Kayak stability

Discussion in 'Stability' started by lost, Jul 30, 2017.

  1. lost
    Joined: Jul 2017
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    lost New Member

    I'm trying to work out what's going on with designing for initial kayak stability. I built a prototype kayak which came out with a beam of about 0.5m (20") (which was a bit narrower than intended but it uses origami plastic like an Oru Kayak so the shape wasn't controlled very well). On testing the secondary stability was fine, but the primary stability was horrible and it felt initially actively *unstable*, i.e. it wanted to lean over a bit to reach a stable position.

    I did some reading and built the measured prototype in Freeship, which came up with KMt = 25cm (at a draft of 0.11m which about what I eyeballed it to be and matched up in terms of calculated displacement and loading). I understand this is the height of the metacentre above the keel or z=0.

    A bit of googling suggested [1] the centre of mass of a seated figure, legs out in front, is at about 11" = 28cm, so probably actually bit higher for a kayaking position with knees and arms up. Given that is actually a bit *higher* than the calculated KMt for my prototype I felt that made sense of the prototype's initial stability issue.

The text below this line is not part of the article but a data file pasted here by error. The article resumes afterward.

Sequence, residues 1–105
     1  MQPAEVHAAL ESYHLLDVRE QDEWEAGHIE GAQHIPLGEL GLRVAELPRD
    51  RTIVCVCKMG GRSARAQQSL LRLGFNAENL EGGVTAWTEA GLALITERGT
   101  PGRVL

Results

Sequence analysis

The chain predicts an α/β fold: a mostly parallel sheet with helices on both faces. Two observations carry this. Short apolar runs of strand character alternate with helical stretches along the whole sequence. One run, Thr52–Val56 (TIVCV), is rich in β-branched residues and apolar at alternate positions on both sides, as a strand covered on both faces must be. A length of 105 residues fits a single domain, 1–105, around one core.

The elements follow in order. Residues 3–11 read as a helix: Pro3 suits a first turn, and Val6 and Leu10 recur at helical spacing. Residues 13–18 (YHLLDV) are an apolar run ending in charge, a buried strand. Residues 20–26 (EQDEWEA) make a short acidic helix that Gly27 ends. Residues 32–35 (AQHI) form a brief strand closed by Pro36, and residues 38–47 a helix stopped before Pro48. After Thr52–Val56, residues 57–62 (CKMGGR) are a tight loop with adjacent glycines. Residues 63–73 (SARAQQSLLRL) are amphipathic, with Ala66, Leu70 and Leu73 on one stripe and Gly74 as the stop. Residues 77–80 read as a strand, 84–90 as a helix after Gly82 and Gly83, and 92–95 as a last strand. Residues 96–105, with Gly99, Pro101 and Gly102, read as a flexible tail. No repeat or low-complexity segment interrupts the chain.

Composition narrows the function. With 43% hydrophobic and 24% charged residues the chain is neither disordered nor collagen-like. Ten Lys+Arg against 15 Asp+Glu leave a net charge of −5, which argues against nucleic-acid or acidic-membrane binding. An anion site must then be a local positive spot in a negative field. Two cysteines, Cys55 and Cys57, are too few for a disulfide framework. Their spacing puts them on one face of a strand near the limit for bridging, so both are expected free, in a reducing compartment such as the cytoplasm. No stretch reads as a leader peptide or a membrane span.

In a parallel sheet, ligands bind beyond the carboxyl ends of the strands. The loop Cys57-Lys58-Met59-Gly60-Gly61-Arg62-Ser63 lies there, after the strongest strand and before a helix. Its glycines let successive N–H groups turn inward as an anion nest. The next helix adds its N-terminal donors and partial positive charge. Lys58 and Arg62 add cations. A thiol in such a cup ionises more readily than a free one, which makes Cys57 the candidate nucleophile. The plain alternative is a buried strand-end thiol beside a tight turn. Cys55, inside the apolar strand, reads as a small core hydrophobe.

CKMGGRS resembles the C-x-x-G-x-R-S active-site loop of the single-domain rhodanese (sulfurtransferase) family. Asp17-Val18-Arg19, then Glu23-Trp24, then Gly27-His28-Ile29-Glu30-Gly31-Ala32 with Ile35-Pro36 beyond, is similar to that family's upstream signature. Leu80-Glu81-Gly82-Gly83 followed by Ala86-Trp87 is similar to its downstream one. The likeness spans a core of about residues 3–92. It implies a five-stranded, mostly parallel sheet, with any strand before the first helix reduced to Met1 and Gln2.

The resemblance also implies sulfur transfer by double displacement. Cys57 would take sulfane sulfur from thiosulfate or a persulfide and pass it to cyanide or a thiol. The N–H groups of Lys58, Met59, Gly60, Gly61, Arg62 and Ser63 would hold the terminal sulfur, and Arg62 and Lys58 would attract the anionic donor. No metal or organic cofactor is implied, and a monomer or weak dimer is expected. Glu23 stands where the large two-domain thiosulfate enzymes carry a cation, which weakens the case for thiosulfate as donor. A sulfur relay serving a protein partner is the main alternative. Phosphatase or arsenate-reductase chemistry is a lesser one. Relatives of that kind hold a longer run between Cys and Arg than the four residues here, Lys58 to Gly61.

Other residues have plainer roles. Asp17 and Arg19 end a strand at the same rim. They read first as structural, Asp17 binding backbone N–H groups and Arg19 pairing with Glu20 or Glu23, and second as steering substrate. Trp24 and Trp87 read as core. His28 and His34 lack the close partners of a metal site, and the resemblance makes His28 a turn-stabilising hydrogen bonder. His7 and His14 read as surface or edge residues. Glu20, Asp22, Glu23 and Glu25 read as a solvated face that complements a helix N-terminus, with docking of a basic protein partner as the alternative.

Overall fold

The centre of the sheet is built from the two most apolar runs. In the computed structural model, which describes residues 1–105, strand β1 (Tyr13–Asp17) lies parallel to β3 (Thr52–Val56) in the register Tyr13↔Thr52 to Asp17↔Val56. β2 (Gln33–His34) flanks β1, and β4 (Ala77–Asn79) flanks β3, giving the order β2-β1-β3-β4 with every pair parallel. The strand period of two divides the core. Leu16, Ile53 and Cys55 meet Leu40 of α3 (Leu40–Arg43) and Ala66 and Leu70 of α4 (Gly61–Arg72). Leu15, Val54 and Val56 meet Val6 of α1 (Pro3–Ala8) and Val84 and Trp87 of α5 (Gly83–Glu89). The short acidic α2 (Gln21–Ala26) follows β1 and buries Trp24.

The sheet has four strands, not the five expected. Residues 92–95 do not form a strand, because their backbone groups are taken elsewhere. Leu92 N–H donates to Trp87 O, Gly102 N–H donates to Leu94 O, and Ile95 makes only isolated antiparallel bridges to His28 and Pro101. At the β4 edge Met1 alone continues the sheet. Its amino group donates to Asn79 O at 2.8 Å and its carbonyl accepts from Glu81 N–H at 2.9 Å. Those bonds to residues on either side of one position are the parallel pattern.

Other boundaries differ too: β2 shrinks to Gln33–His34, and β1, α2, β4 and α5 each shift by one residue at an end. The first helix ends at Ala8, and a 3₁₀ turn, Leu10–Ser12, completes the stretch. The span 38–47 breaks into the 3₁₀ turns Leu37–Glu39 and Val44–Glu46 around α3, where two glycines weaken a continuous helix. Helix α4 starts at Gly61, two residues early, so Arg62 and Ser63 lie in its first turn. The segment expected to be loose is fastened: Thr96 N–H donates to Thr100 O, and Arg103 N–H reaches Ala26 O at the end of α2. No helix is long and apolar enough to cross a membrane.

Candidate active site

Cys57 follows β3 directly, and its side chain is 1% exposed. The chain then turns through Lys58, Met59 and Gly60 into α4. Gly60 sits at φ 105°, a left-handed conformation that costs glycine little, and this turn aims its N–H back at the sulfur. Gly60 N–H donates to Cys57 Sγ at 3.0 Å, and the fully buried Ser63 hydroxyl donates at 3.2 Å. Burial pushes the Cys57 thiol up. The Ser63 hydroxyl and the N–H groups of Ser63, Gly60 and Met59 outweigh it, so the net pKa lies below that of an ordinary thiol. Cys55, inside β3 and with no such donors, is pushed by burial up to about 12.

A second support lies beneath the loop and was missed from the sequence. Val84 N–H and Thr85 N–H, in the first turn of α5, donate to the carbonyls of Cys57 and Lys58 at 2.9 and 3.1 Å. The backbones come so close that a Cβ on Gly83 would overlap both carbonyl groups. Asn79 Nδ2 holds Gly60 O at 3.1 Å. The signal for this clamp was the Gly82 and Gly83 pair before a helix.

However I can't work out what sort of figure I should aim for when redesigning. I plugged the offsets for Yost's Sea Tour 15R into Freeship which gave a KMt = 26cm, i.e. basically the same as my prototype. Elsewhere ([2], [3], [4]) I've seen suggestions for canoes/kayaks of 23, 27, 28cm although it's never entirely clear whether this is height above keel or above centre of mass.

    Any suggestions please?

    [1] https://www.faa.gov/data_research/research/med_humanfacs/oamtechreports/1960s/media/AM62-14.pdf
    [2]
    Free Kayak Plan: Peabody Essex Museum Labrador Kayak 1867 http://www.paddlinglight.com/articles/free-kayak-and-canoe-plans/free-kayak-plan-peabody-essex-museum-labrador-kayak-1867/

    [3] Siskiwit Bay Multi-Chined Kayak Plans for Plywood Building • PaddlingLight.com http://www.paddlinglight.com/articles/free-kayak-and-canoe-plans/siskiwit-bay-multi-chined-kayak-plans-for-plywood-building/
    [4] Metacentric Height - FREE!Ship or Michlet https://www.boatdesign.net/threads/metacentric-height-free-ship-or-michlet.15582/


     
  2. Mr Efficiency
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    Mr Efficiency Senior Member

    A hollow along the centreline would give you more initial stability, but could be a nuisance, like the old tailshaft hump in rear-wheel drive cars.
     
  3. gonzo
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    gonzo Senior Member

    Those old kayaks were built around the owner. They fit like a shoe. Their initial stability is not great, and relies largely on the skill of the operator. I think you are looking at a kayak for more general use. Also, most kayaks had a flatter bottom than the one you show. Lessening the deadrise will give more initial stability. This book is really good to get ideas:
    https://www.amazon.com/Bark-Canoes-Boats-North-America/dp/1628737921
     
  4. upchurchmr
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    upchurchmr Senior Member

    You might go to a forum about kayaks.